Over the summer, I blogged about the newly formed “Joint Chiefs of Global Tax Enforcement”, or the “J5”, for short. Five countries form this international coalition: Australia, Canada, the Netherlands, the United Kingdom, and the United States. The goal of the J5 is to combat transnational tax crime through increased collaboration; in other words, these countries will work together to gather information, share intelligence, conduct operations and build the capacity of tax crime enforcement officials. It’s clear that in order to keep up with tax enforcement, countries can no longer work in isolation – with the rise in all things digital, the capacity for tax evasion and money laundering has increased exponentially. J5 is just the start of bigger things to come.
While details are scant at the moment, the Internal Revenue Service (IRS) explained just last week that the J5 countries are focusing on 2 main targets. High on the hunt list are the “professional enablers” — those who enable transnational tax crime and money laundering and those who benefit from it. The J5 collaborative efforts will be making the most of shared data and technology and one country in the group, the UK, has already launched over 200 criminal investigations into “enablers” of tax evasion schemes.
Cryptocurrency – A Riddle, Wrapped in Mystery, Inside an Enigma
Another area which will feel the J5 heat is that of cryptocurrencies and cybercrime. Don Fort, Chief of IRS-Criminal Investigation emphasized the tax evasion risks associated with cryptocurrency stating that “digital money can be used to transfer funds to people without the need for foreign bank accounts”. (Mr. FBAR must be reeling!). The IRS is focusing on the activities of cryptocurrency exchanges and financial firms when they withdraw digital money, and later convert it into “fiat” currencies. (A “fiat” currency is not backed by gold or other reserves; instead its value is established by the government which backs it as money. The US dollar is a fiat currency based on the US government’s mandate that the paper currency it prints is legal tender for making financial transactions. Fiat currencies, like the US dollar, are backed by the full faith and credit of the government that issues it.).
Daniel N. Price of the IRS Office of Chief Counsel was reported as stating at the International Tax Symposium (Houston, Texas November 8 & 9) that the IRS is not contemplating a separate voluntary disclosure program related to offshore cryptocurrency reporting. These comments are believed to dispel a rumor that the IRS would launch a special voluntary disclosure program for taxpayers to disclose virtual currency transactions.
Taxpayers are faced with much US tax uncertainty when it comes to virtual currency transactions. Apparently the IRS and FinCEN are not sure about the US tax implications either and it seems have held off mandating FBAR disclosure of offshore virtual currency accounts – at least for now. Aside from FBAR reporting, a host of other US tax questions arise when it comes to cryptocurrency. For example, is there taxable gain when one exchanges one cryptocurrency for another? Can the pre-2018 “like-kind exchange” rules apply to such exchanges? What is the tax treatment of so-called “hard” and “soft” forks? What about “air drops” or exchanges of tokens for goods, services or other valuable items? The mind boggles.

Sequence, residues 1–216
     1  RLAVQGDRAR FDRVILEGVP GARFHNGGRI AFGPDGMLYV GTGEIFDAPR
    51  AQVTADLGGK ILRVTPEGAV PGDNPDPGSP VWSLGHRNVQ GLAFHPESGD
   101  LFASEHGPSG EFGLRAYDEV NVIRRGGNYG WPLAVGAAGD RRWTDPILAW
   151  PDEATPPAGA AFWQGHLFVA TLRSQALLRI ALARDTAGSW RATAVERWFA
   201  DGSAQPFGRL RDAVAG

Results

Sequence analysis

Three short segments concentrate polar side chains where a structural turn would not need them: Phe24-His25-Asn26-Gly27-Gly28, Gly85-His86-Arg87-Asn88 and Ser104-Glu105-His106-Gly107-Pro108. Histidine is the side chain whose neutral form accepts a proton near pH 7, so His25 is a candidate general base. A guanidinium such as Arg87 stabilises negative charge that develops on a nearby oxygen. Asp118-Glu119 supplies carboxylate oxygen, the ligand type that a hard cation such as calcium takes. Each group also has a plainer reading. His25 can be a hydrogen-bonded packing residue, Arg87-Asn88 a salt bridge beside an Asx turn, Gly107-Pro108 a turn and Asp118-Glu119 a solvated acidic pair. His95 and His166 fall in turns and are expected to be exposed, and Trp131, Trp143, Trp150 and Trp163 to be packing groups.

IRS “Offshore” Campaigns Continue to Grow
On top of the J5, IRS keeps adding offshore initiatives to its compliance “campaigns”. The IRS announced 5 new “campaigns” at the end of October. Of these, three campaigns involve foreign tax matters generally: Individual Foreign Tax Credit, FATCA Filing Accuracy, and 1120-F Delinquent Returns; two specifically target offshore activities – the Offshore Service Providers Campaign and the FATCA Filing Accuracy Campaign. Cross-border transactions are clearly a prime area of the IRS campaigns and include the OVDP Declines-Withdrawals Campaign, here; the Swiss Bank Program Campaign, here; and virtual currency here.
Many of my readers are aware that for the past few years, the IRS has been shifting to a new audit strategy using these “campaigns.” This shift in focus concentrates on examining tax issues that will have the broadest impact on tax compliance while making the most efficient use of IRS’ dwindling resources. You can read more about the development and evolution of this “campaign” strategy in the September 14, 2016 report issued by the Treasury Inspector General for Tax Administration. Full details from the IRS tracking the development of its “campaigns” is here.
Time to Take Action
With the recent closure of the IRS Offshore Voluntary Disclosure Program (OVDP) and the courts making it easier and easier for the IRS to succeed on a “willful” argument, taxpayers with offshore tax noncompliance skeletons in their closet, need to take appropriate action. What such action may be for different taxpayers will depend entirely on his or her specific facts. Doing absolutely nothing is a dangerous game, especially now that losing one’s US passport due to “seriously delinquent” tax debt is a real possibility.
Taxpayers who have a shot at using the IRS Streamlined Offshore Procedure (in which for certain taxpayers, all penalties might be abated), should be taking action now before that program is also shut down by the IRS or they are detected as noncompliant by the “J5” or one of the IRS “campaigns”. If the IRS is already investigating you, it is not possible to use the Streamlined procedures.
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Posted November 19, 2018
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